Incantation #14: An Application to the Season

by Susannah Mandel

Up in New England, people like to say
that after solstice comes a deeper cold,
the heart of winter following the slow
return of daylight. (What they really say
in fact fits into two short pithy lines,
but I can't make that scan into blank verse.
So let it go.)
                       The point — and there is one —
is that the frozen eye of winter lies
in January, not December. Not
December, mind you, when we light the lamps
and deck the pines and windows to ward off
the gods of night and darkness, and the wolf
come out to eat the sun, and who-knows-what —
all those great frozen figures that the Norse
and Teutons tried to keep away with lights
and fires, and the wicked spirits that
the Romans scared away with noisy feasts
on Saturnalia.

       The upshot is,
December's a well-guarded month, lit up
and circled round with fires. After that
is when the real midwinter dark sweeps down.
The freezes come, the snow, the grim black ice.
To make things worse, people take down their lights
and throw away their trees, just at the point
when we could use them most! Ennui sets in.
We start to get worn down. We're starved for light.
We can't believe that spring will ever come
again. And to add insult to it all,
we have no more bright, cheerful holidays
scheduled to help us through! — except for that
depressing shambles called Valentine's Day,
known as the leading cause of suicide
just after Christmas.

       Which is why — although
all things told, January's not so bad
as winter months go — long before the end
has heaved in sight, my patience has run out.
One knows that February lies ahead,
and that we should expect more dark, and cold,
and that the wolves and frozen deities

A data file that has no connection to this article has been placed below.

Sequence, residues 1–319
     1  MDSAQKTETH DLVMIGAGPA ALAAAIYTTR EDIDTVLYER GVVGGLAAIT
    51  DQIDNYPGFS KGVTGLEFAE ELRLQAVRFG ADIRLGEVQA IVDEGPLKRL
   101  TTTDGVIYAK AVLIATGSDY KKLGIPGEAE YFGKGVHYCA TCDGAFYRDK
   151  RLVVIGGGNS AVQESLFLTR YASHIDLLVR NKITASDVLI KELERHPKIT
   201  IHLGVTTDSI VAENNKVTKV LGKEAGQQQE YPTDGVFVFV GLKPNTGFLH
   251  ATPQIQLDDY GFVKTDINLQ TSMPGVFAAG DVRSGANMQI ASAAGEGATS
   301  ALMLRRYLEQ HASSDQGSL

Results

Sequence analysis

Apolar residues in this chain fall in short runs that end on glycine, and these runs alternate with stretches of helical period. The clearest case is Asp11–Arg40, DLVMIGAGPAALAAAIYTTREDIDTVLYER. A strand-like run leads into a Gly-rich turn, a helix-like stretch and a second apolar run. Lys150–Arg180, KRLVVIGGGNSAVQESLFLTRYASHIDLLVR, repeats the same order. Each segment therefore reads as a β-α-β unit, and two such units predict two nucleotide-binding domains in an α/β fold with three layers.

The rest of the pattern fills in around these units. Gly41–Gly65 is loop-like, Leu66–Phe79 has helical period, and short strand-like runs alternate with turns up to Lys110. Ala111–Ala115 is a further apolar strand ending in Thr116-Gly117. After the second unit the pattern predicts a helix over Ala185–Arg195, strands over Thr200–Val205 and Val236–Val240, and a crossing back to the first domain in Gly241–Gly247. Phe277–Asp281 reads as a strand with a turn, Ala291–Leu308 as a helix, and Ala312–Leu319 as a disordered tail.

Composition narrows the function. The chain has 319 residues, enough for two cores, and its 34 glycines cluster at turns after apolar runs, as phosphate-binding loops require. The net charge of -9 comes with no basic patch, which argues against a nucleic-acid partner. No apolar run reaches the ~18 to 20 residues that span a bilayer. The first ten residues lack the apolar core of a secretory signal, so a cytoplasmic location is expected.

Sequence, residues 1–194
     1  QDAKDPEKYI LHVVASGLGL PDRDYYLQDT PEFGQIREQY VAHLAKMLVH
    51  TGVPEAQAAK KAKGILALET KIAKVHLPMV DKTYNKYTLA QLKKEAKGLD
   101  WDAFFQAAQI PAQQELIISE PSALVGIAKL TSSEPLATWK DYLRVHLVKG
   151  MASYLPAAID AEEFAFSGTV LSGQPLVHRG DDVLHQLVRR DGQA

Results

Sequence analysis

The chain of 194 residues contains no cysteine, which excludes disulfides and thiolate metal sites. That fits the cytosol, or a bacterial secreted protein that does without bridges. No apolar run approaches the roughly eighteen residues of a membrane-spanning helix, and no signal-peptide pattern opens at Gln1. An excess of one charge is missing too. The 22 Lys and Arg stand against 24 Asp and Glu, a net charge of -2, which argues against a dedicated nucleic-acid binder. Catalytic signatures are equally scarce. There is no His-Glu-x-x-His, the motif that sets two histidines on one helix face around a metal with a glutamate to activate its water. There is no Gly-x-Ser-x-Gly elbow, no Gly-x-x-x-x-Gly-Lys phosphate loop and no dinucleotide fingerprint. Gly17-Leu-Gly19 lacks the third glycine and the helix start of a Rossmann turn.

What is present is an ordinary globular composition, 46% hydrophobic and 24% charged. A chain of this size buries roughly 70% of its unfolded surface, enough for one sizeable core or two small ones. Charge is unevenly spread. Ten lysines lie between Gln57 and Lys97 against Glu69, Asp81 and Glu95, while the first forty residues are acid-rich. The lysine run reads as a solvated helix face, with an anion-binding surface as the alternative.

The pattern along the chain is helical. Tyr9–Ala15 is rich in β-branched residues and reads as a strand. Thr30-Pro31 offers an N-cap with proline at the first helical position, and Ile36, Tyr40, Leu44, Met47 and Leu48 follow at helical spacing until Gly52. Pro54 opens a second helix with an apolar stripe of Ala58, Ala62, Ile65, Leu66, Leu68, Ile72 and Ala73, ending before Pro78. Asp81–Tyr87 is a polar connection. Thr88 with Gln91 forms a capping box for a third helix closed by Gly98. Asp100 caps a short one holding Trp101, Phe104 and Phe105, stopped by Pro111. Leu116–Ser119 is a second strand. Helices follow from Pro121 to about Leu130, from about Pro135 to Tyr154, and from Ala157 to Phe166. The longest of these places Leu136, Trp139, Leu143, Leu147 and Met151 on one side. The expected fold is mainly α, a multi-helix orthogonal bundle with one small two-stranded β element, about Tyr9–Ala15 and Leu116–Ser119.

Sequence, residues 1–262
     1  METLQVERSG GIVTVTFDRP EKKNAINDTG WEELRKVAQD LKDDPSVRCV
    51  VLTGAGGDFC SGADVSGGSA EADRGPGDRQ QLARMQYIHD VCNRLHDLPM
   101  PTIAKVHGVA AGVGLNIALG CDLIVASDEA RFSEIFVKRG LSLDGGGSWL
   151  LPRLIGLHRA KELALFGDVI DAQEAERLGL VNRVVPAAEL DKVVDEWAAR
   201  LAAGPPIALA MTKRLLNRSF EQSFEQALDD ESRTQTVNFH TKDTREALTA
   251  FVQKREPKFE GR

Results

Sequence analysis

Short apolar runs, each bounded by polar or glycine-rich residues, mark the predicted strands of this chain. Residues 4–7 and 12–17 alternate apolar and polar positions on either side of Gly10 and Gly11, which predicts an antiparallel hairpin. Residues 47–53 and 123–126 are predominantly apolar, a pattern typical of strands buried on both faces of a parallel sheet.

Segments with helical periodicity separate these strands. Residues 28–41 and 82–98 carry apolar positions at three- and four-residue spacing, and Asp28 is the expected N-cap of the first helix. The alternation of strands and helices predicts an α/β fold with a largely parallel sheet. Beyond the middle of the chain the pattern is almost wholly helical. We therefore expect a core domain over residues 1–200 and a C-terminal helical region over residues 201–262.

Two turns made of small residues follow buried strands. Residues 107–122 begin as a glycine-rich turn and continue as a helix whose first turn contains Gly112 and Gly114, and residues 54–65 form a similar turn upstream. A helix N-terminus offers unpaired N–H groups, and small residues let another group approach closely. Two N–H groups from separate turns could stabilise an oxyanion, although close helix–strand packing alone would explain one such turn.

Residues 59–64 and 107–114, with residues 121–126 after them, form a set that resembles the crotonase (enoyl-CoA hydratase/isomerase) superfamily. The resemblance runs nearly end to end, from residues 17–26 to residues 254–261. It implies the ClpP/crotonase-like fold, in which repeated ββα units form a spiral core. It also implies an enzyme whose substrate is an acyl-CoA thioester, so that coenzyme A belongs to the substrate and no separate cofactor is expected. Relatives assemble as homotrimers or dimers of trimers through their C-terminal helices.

won't beat their way back home until late March.
(that is, if we are lucky)... all the same,
I miss the flowers, and I want the leaves,
and all the little winds and singing birds
and pink light in the evenings.

               That is why
I'm turning now to you. Oh, season, come!
This cold's gone on too long. From here on in,
you'll find me hanging out my window, eyes
fixed on the east. I'm waiting for the world
to come back into warmth and presence, and
for you to coax us out under the sky again.
I'm sick of winter. I have marched through snow,
I've frozen, I have bundled up, I've sat
up late and written odes to ice and wind,
and chilled myself into sublimity.
I'm calling to you now: Come back, bring back
the sun and all the music, thaw the ground
and my sad heart. I'm waiting here for you,
And I am ready for it to be spring.

Susannah Mandel says: My poetry has appeared or is forthcoming in Strange Horizons, Sybil's Garage, Peter Parasol, and Lady Churchill's Rosebud Wristlet, among others. My short fiction is forthcoming in Shimmer and in the Canadian anthology Escape Clause, and my speculative flash fiction appears regularly at I am a graduate of the Clarion East workshop. I also write a regular column for Strange Horizons on the fantastic in pre-modern literature.

About myself: I hold degrees in English literature and in comparative media studies from Harvard University and the Massachusetts Institute of Technology. I have lived in Boston, northern France, and, most recently, Philadelphia. I have worked in teaching, translation, editing, research and linguistics (as well as a brief stint in pastry retail).

I like, among others, Spenser, Yeats, Tennyson, Emily Dickinson, and Sir Thomas Wyatt the Elder. I subsist largely on apples, to which I have written a trattato d'amore. Unfortunately, I cannot appreciate raspberries due to the way the tiny seeds get stuck in my teeth.

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